all towns are one, all men our kin.
|Trans State Nation
Selected Writings by Sachi Sri KanthaTamil Tigers and America's Founding Fathers
29 August 2000
[see also the Price that the Signatories of the US Declaration Paid for Independence]
After the publication of my brief letter with the caption, 'Comeback Commandos', in the Time magazine of July 3, in which I compared V. Prabhakaran to George Washington, I received a kind note from my 77-year old father. He had mentioned that, not only he, but many other Tamils may not be aware of the similarities between the LTTE's campaign for Eelam and the American revolutionary campaign for freedom led by Washington.
Well, ten years ago in the Readers Forum pages of the Asiaweek magazine (Hongkong), I enthusiastically took part in a debate with an anonymous correspondent (about whose identity I was not informed; and he could have been an anti-LTTE Tamil or a Sinhalese or a Muslim) on this issue. For the benefit oftamilnation.org readers, I present excerpts of six letters (three of mine, and three from that anonymous correspondent) in which, this issue of Eelam campaign and American revolutionary campaign was touched peripherally. These excerpts are as follows, and kindly note that 'loyalists' and 'dissidents' refer to those who opposed George Washington and 'rebels' are those who supported the American leader of independence.
Letter 1: [ Sachi Sri Kantha, in Asiaweek, Aug.31, 1990]
"Only a minority of Americans supported the revolution in the 1770s. John Adams noted that about a third of the population were hostile to the idea [of independence] and a third were quite indifferent. That did not deter America's founding fathers from fighting British colonialism."
Letter 2: [Anonymous correspondent, in Asiaweek, Oct.19, 1990]
"Citing John Adams, Sachi Sri Kantha of Philadelphia implies that America's founding fathers, like the Tamil Tigers, represented a minority when they fought British colonialism. It would be interesting to know whether they, like the Tamil Tigers, summarily executed fellow citizens who did not share their revolutionary fervour."
Letter 3: [Sachi Sri Kantha, in Asiaweek, Nov.16, 1990]
"Perhaps the reader who wrote 'Sri Lanka's Tamils' should read more history instead of musing whether America's founding fathers, 'like the Tamil Tigers, summarily executed fellow citizens who did not share their revolutionary fervour'. As many as 100,000 people who supported British rule (almost 1 in 30 of the people in the original thirteen states) chose to leave the newly formed U.S. for England, Canada and the West Indies. Why? Historians say countless loyalists were tarred and feathered. Why are there hardly any versions of the loyalist point of view? Simply because they were not tolerated by the founding fathers. Consider the fate of hero-turned-traitor Benedict Arnold. After the war he had to leave Philadelphia for London, where he died in obscurity."
Letter 4: [Anonymous correspondent, in Asiaweek, Dec.14, 1990]
"Thanks to Sachi Sri Kantha of Philadelphia I now know the difference between Sri Lanka's Tamil Tigers and America's founding fathers. The fathers merely tarred and feathered dissidents; the Tigers summarily execute them."
Letter 5: [Sachi Sri Kantha, in Asiaweek, Feb.8, 1991]
"The naive and anonymous reader who thinks America's founding fathers 'merely tarred and feathered dissidents' and did not execute them is wrong. In many cases tarring and feathering was only the preliminary phase of the punishment of loyalists and was followed by hanging.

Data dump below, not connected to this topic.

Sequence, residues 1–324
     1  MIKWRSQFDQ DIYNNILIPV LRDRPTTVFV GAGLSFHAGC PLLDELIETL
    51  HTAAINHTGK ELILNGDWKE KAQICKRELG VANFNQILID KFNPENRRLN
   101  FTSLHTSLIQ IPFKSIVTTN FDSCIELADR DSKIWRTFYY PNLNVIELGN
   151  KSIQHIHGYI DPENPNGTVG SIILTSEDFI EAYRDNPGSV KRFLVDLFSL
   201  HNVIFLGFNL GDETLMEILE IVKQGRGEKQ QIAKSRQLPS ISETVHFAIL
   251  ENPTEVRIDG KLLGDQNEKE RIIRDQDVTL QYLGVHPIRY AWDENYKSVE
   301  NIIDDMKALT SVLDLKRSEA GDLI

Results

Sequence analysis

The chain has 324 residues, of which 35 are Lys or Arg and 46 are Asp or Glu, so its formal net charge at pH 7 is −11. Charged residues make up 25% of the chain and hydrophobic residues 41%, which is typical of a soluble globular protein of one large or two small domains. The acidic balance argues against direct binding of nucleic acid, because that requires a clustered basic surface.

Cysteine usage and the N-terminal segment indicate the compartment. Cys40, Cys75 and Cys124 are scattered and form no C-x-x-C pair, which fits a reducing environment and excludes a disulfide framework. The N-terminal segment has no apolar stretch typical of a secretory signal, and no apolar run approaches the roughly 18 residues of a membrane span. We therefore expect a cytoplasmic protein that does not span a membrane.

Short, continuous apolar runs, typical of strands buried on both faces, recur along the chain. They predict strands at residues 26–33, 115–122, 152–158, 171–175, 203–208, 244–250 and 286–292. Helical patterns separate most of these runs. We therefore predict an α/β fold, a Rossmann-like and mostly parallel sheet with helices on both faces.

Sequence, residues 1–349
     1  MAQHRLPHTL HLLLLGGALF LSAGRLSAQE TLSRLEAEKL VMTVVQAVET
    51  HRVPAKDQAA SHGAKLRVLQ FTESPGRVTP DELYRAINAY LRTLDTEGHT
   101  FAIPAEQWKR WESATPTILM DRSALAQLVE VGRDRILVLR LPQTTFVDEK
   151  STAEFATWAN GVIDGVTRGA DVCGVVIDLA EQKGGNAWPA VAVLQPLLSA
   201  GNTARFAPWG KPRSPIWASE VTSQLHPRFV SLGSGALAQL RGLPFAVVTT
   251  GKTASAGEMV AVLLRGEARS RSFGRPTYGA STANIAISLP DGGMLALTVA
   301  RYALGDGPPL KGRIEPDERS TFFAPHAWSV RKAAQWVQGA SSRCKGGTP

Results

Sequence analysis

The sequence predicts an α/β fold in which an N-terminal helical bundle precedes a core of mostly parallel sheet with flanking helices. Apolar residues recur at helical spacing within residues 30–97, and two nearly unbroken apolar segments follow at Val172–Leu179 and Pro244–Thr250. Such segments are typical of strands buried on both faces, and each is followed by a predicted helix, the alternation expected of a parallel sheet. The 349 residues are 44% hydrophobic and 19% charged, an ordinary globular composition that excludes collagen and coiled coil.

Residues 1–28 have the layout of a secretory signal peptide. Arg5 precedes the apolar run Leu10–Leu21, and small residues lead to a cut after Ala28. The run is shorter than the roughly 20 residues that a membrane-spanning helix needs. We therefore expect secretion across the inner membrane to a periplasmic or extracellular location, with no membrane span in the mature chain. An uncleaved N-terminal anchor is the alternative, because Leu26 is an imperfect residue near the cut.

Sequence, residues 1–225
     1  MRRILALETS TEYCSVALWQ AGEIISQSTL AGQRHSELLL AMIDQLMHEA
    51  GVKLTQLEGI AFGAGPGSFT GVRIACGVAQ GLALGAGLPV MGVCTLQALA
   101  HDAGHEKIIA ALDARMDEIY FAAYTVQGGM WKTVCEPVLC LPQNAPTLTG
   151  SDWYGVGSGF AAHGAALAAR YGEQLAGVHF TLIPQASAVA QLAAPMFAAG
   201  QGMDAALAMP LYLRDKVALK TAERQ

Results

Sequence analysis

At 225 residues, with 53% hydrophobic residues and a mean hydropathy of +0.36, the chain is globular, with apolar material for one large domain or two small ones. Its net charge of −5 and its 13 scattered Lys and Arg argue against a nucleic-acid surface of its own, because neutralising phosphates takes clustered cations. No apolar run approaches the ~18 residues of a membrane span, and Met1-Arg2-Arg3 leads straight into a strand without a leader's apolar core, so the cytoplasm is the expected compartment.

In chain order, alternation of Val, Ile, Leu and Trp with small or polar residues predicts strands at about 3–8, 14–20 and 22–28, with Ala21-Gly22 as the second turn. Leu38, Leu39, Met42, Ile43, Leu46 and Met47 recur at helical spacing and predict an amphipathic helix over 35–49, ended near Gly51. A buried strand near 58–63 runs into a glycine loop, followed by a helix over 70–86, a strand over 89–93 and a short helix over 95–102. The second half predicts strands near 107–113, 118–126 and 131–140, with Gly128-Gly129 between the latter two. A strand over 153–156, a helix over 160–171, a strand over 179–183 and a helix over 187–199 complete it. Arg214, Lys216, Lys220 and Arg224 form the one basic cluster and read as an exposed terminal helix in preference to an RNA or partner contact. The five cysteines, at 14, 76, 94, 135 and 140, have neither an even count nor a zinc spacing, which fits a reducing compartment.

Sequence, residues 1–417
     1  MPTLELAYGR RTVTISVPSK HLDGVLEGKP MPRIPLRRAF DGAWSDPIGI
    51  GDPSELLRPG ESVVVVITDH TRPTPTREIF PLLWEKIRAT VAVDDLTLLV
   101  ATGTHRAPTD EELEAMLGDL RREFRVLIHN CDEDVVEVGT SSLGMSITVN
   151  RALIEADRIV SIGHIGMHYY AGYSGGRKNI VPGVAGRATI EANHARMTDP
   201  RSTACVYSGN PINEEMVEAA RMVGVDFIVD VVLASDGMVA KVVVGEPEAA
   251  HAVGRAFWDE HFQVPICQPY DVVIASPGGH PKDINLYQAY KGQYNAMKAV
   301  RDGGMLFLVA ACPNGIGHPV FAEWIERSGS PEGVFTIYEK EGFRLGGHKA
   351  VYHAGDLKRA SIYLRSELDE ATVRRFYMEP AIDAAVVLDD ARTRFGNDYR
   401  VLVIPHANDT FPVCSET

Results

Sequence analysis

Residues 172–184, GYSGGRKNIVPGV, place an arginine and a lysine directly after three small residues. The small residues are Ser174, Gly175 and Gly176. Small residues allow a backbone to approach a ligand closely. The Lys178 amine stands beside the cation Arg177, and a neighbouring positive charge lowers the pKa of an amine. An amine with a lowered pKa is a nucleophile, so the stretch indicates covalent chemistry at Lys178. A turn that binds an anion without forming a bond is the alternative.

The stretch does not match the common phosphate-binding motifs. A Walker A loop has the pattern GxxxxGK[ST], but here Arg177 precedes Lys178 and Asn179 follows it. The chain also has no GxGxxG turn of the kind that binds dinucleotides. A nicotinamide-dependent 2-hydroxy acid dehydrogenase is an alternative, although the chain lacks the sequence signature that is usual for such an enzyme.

For example, in 1774 one John Malcomb, an officer of the Customs at Boston, was 'tarred, feathered and led to the gallows with a rope about his neck' [Oxford English Dictionary, 1989] On June 27, 1776, Thomas Hickey became the first American soldier to be executed in New York City. He was condemned as a traitor for conspiring to deliver George Washington to the British [The Encyclopedia of American Facts and Dates, 1987]. In March 1779 John Mason of the Loyal American Rangers warned that the loyalists would henceforth hang six rebels for every loyalist so dealt with [book: Secret History of the American Revolution, 1941].
Trying to portray America's founding fathers as paragons compared to the Tamil Tigers is preposterous."
Letter 6: [Anonymous correspondent, in Asiaweek, March 15, 1991]
"Sri Kantha does not deny that the Tamil Tigers have massacred thousands, including other Tamils, in their fight for a separate state. He defends them by arguing that the Tigers are no different from the likes of George Washington. One cannot argue against such a value judgement."
Value judgement or not, in this acrimonious exchange of words, which lasted for nearly 8 months in the Asiaweek magazine, I persisted in putting forth my point of view in approximately 200-words despite heavy odds (especially mangling of submitted text by the editors and the uneasiness of having a debate with an anonymous guy!). It is also unusual for an international magazine to open its Readers Forum page for such a lengthy volley of exchange between two correspondents. But as long as the Asiaweek was interested in hearing my view I didn't give up, since I felt that at least I could educate the editors of Asiaweek and some unbiassed readers.
Another point of interest is worth noting. When I wrote these letters ten years ago, I did not anticipate that the Tamil Tigers will also face a sad episode of treachery as experienced by George Washington and his army from Benedict Arnold. But the subsequent episode related to Mahattaya's (the then nominal deputy leader of LTTE) downfall also shows that the history of Tamil Tigers have so much in common with the history of American revolutionary army.
The themes which I have touched in these letters may deserve further exploration from academics, journalists and peace-seekers as well.